Microsoft Windows 7 review
Easier network access
Some key business features in Windows 7 won’t be available until you roll out Windows Server 2008 R2; you need R2 and IPv6 (or IPv4 to IPv6 translation) for the DirectAccess feature that gives remote users connections to network shares and resources without a VPN and IT administrators a connection to push software updates and Group Policy settings whenever users are online. (If you’re still using VPNs, the automatic VPN Reconnect feature will save a lot of frustration as you no longer have to remember to log back in to the VPN after you lose a connection). BranchCache caches content from R2 servers on a branch server or directly on PCs, so a slow branch connection isn’t as much of a bottleneck.
These R2-based features require infrastructure changes. Deploying Windows 7 will obviously require testing and planning, but apart from low-level security and disk utilities there are very few compatibility issues with mainstream hardware and software.
Ready to roll out
Windows 7 performs well on existing hardware; you can expect much better performance than Vista on the same hardware, and Windows 7 runs well on Atom-based netbooks (file copy is faster than XP for example). At the very high end, many-core parallel processing for high-performance computing can take advantage of improvements in the kernel. System-level features like SuperFetch, service, driver and DLL loading and even the page file take fewer resources. Direct2D accelerates 2Dgraphics in the same way Direct3D has for games. And opening more windows no longer eats up system resources; the Desktop Window Manager uses video memory and it uses only half as much memory as in Vista, making systems much more responsive.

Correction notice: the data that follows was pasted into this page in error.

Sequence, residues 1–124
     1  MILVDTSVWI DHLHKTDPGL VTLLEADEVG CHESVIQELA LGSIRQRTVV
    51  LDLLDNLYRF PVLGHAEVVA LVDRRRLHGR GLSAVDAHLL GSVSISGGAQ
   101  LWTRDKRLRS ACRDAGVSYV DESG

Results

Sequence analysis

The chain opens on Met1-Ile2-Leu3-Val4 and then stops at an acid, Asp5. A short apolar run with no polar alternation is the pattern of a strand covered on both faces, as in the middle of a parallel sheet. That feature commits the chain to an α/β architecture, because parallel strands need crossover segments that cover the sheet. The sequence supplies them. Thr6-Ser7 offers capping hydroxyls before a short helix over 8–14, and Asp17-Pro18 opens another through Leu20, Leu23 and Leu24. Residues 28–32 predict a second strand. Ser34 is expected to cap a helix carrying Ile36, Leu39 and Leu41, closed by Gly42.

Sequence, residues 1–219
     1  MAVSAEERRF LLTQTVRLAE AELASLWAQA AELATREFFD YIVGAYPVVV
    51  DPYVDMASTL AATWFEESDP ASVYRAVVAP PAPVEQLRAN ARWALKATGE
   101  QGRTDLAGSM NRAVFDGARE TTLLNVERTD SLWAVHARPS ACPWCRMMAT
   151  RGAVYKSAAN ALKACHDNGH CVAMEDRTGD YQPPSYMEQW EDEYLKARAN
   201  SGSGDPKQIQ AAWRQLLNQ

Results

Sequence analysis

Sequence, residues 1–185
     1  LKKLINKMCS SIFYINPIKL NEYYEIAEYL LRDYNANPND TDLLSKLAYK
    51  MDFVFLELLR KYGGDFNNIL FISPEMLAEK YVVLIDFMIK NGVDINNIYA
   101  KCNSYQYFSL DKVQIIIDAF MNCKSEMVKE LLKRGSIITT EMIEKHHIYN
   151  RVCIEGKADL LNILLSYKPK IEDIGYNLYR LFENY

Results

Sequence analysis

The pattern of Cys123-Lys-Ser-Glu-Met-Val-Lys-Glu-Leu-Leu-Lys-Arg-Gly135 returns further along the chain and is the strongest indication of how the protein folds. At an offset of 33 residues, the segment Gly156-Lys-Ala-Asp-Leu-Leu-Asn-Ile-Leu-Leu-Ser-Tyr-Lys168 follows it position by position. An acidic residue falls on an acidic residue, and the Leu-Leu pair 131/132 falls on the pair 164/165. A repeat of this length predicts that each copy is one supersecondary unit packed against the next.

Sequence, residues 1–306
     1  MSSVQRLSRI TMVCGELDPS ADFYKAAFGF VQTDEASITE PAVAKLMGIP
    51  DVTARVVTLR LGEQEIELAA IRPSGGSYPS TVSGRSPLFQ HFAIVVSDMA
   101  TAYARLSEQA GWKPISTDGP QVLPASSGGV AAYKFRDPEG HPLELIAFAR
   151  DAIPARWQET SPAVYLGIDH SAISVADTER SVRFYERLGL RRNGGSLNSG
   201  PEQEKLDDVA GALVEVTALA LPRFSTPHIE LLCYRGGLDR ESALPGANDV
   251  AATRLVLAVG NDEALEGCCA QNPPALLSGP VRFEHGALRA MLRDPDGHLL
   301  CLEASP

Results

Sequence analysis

That does highlight one of the few compatibility issues with Windows 7; while ATI and Nvidia have the new WDDM 1.1 drivers for a wide range of graphics chipsets, Intel has been much slower to come out with drivers for older chipsets and we’ve seen screen corruption issues with some Intel graphics drivers. Even so, this is a much less significant problem than Vista’s early driver issues.
For those last few incompatible applications, XP Mode gives you a virtual machine but runs apps side by side, with Windows 7 features like jump lists for the XP Mode apps.
Windows 7 really has something for everyone; it’s competent and functional due to internal improvements and the user interface is attractive and good for productivity. The very public development cycle has resulted in the equivalent of an SP1 operating system at RTM and now its at retail, we’re more than happy to recommend Windows 7 at fit for business.